Empirical formulas have been established for the relationship between F10.7 and solar sunspot number. Accurate spot determinations of the 10.7 cm flux (actually a flux density) are made at local noon; previously 1700UT at Ottawa and now 2000UT at Penticton.

Auroral Electrojet index (AE)

The Auroral Electrojet Index, AE, is designed to provide a global, quantitative measure of auroral zone magnetic activity produced by enhanced ionospheric currents flowing below and within the auroral oval. Ideally, it is the total range of deviation at an instant of time from quiet day values of the horizontal magnetic field (h) around the auroral oval. Defined and developed by Sugiura and Davis (1966), AE has been usefully employed both qualitatively and quantitatively as a correlative index in studies of substorm morphology, the behavior of communication satellites, radio propagation, radio scintillation, and the coupling between the interplanetary magnetic field and the Earth's magnetosphere. For these varied uses, AE possesses advantages over other geomagnetic indices or at least shares their advantageous properties:
  1. it can be derived on an instantaneous basis or from averages of variations computed over any selected interval;
  2. it is a quantitative index which, in general, is directly related to the processes producing the observed magnetic variations;
  3. its method of derivation is relatively simple, digital, and objective and is well suited to present computer processing techniques;
  4. it may be used to study either individual events of statistical aggregates.
These indices were and are derived in response to indications of need as voiced by the scientific user community in journal articles, at meetings in resolutions of national and international groups, and in personal communications.

Polar Cap Index (PC)

The PC-index is a fifteen-minute and one-minute index for magnetic activity in the Polar Cap. It is based on data from a single near-polar station, and aimed to monitor the polar cap magnetic activity generated by such Solar wind parameters as the southward component of the interplanetary magnetic field (IMF), the azimuthal component of the IMF (By), and the Solar wind velocity. The station Thule, located in the village Qaanaaq in Greenland at 86.5 ° geomagnetic invariant latitude, fulfills the requirement of being close to the magnetic pole in the northern hemisphere. The station Vostok at 83.3 ° does the same in the southern hemisphere. The PC index is derived independently for these two stations.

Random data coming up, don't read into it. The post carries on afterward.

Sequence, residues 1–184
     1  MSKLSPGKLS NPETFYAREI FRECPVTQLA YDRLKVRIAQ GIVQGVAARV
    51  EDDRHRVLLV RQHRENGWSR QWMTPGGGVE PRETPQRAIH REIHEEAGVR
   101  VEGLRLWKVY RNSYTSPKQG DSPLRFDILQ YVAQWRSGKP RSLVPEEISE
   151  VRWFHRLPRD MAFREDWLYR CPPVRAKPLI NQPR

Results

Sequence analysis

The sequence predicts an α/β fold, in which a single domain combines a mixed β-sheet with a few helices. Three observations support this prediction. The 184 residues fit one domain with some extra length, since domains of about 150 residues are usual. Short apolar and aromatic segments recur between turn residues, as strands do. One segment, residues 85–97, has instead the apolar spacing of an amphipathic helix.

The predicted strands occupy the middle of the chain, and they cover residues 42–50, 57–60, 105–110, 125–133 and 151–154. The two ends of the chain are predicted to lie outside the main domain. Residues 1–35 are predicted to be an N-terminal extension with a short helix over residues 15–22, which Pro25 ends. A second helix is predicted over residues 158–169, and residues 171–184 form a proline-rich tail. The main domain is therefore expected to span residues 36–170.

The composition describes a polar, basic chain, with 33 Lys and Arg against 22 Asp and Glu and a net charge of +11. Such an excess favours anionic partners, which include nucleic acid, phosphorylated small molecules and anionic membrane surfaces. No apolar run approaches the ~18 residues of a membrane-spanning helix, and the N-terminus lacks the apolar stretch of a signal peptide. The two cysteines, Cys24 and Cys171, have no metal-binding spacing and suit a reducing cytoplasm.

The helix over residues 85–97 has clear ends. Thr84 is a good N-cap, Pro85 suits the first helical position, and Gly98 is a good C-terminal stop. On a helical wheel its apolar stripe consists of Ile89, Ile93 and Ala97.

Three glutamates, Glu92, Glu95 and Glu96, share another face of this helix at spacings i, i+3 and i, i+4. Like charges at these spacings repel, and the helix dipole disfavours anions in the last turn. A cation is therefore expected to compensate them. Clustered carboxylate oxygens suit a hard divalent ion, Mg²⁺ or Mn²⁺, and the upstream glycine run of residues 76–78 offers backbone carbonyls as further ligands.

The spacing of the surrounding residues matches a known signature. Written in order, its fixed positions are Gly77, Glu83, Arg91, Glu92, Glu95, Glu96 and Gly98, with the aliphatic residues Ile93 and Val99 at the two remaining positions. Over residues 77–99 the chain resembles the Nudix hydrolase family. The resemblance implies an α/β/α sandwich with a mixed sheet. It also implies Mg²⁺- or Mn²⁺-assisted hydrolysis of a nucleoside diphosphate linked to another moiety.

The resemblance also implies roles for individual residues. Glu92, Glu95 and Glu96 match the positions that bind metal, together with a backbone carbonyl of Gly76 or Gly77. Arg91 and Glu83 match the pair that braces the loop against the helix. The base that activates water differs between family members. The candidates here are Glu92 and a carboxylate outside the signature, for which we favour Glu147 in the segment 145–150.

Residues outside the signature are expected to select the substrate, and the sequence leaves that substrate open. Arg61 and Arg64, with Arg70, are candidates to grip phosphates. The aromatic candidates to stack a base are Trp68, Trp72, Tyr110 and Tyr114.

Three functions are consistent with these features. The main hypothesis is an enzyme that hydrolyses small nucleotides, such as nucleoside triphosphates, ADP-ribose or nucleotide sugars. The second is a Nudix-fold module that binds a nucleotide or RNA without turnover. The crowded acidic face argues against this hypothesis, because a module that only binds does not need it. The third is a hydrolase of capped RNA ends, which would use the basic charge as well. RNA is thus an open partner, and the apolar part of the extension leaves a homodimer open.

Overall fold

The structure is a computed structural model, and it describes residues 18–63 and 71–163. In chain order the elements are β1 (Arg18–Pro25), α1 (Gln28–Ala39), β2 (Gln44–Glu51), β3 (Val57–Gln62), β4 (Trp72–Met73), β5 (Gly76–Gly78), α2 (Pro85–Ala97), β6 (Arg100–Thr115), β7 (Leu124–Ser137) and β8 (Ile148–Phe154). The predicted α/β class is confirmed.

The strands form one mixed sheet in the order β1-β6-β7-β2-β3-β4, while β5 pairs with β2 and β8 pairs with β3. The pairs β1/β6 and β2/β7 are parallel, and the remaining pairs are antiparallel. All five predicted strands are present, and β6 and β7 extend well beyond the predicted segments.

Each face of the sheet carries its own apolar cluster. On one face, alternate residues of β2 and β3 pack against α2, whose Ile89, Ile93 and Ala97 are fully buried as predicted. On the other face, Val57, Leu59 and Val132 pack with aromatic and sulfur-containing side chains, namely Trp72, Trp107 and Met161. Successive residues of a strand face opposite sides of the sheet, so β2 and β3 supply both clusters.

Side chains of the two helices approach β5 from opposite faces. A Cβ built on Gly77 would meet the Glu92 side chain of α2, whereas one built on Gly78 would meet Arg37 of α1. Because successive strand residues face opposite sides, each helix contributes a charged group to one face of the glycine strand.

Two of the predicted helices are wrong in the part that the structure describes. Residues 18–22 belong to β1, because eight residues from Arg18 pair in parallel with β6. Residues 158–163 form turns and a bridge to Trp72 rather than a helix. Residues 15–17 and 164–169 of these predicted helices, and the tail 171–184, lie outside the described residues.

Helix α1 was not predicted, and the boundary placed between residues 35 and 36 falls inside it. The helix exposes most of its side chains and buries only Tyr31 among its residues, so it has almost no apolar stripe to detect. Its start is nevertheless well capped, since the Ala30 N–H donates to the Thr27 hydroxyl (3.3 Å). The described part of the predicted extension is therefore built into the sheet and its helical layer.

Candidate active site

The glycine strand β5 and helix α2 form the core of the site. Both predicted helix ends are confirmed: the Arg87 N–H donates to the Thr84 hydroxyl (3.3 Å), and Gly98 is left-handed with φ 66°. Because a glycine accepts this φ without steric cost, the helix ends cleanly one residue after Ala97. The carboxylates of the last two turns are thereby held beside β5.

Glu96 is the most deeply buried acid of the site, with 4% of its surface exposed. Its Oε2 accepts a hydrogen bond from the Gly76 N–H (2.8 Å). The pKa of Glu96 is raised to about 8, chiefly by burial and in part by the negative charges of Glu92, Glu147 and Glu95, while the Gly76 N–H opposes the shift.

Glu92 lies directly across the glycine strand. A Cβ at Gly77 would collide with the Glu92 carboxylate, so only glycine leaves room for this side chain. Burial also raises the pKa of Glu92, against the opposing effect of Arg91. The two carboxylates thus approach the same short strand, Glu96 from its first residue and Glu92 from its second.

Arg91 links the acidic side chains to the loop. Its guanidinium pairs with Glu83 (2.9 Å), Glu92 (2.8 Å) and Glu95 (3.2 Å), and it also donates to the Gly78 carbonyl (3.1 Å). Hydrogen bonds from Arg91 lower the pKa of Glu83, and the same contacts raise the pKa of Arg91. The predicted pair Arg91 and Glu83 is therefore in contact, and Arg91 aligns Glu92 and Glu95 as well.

The PC-index is based on an idea by Troshichev et al. (1979) and developed in papers by Troshichev and Andrezen (1985), Vennerstrøm and Friis-Christensen (1989), Troshichev et al. (1988), Vennerstrøm (1991), and Vennerstrøm et al. (1991). Earlier data for 1975--1982 appear in Troshichev et al. (1991). The data from 1975 to 1993 are published in Report UAG-103 in graphical form. These data are published monthly in the Solar-Geophysical Data (SGD).

Data exists for the following time periods:
Thule: 1975--present: 15-minute data
Vostok: 1978--1979, 1983-1992: 15-minute data
Vostok: 1992--present: 1-minute data

Comprehensive Flare Index (CFI)

A method of evaluating the significance of a complex flare event. The CFI = A + B + C + D + E. The value of each component is given below; a value of zero is assigned if the effect did not occur. The CFI values range from 1 to 17 (non-occurrence gives a zero value); values >10 indicate flares with unusually strong electromagnetic radiation.

A: Originally the importance of ionizing radiation as indicated by the importance of associated SID, scale 1-3; but currently scaled from the x-ray flare class, class C being 1, class M being 2, and class X being 3.

B: Importance of H alpha flare; scale 1-3 (3 includes flare importance classes 3 and 4).

C: Log of 10.7 cm peak radio flux in units of 10-22 W m-2 Hz-1.

D: Effects associated with the dynamic radio spectrum: Type II burst = 1, continuum storm = 2, Type IV burst = 3.

E: Log of 200-MHz flux in same units as C.

The CFI was devised and documented by Helen Dodson Prince and Ruth Hedeman at the McMath-Hulbert Observatory.


List of archives for the various indices
Archive site Available indices
International Service of Geomagnetic Indices (ISGI) AL, AU, AE, aa (Kpa), am (Kpm), Kp, Dst
GeoForschungsZentrum Potsdam Kp, ap, Ap, Cp, C9, Q- and D-days
World Data Center C1 for Geomagnetism, Copenhagen Ap, Kp, aa, am,Dst, AE, AL, AU, AO, SYM-ASY, PC-Thule,
World Data Center C2 for Geomagnetism, Kyoto AL, AU, AO, Dst, AE, SYM/ASY, Kp, ap, Ap, Q- and D-days
National Geophysical Data Center Kp, Ap, Cp, Rz, F10.7, Bartels rotation number, Dst, AE, PC-Thule, PC-Vostok
OMNIWeb at National Space Science Data Center Kp, Cp, Rz, Dst, Bartels rotation number